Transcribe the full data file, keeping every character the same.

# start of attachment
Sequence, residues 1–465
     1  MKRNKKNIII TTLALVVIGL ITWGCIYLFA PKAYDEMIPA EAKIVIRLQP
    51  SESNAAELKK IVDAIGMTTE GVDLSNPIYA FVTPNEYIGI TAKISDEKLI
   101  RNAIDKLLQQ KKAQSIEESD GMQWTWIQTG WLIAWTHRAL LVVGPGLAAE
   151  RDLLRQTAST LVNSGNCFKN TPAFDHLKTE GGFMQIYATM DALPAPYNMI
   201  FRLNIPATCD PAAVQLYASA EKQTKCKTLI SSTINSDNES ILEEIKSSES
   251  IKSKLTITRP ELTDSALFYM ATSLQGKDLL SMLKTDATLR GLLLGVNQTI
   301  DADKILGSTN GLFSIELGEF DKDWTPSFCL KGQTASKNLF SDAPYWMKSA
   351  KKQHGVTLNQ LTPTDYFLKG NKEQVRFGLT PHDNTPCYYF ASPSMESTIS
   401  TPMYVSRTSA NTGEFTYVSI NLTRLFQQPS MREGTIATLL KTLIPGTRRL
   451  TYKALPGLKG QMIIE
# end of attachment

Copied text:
Sequence, residues 1–465
     1  MKRNKKNIII TTLALVVIGL ITWGCIYLFA PKAYDEMIPA EAKIVIRLQP
    51  SESNAAELKK IVDAIGMTTE GVDLSNPIYA FVTPNEYIGI TAKISDEKLI
   101  RNAIDKLLQQ KKAQSIEESD GMQWTWIQTG WLIAWTHRAL LVVGPGLAAE
   151  RDLLRQTAST LVNSGNCFKN TPAFDHLKTE GGFMQIYATM DALPAPYNMI
   201  FRLNIPATCD PAAVQLYASA EKQTKCKTLI SSTINSDNES ILEEIKSSES
   251  IKSKLTITRP ELTDSALFYM ATSLQGKDLL SMLKTDATLR GLLLGVNQTI
   301  DADKILGSTN GLFSIELGEF DKDWTPSFCL KGQTASKNLF SDAPYWMKSA
   351  KKQHGVTLNQ LTPTDYFLKG NKEQVRFGLT PHDNTPCYYF ASPSMESTIS
   401  TPMYVSRTSA NTGEFTYVSI NLTRLFQQPS MREGTIATLL KTLIPGTRRL
   451  TYKALPGLKG QMIIE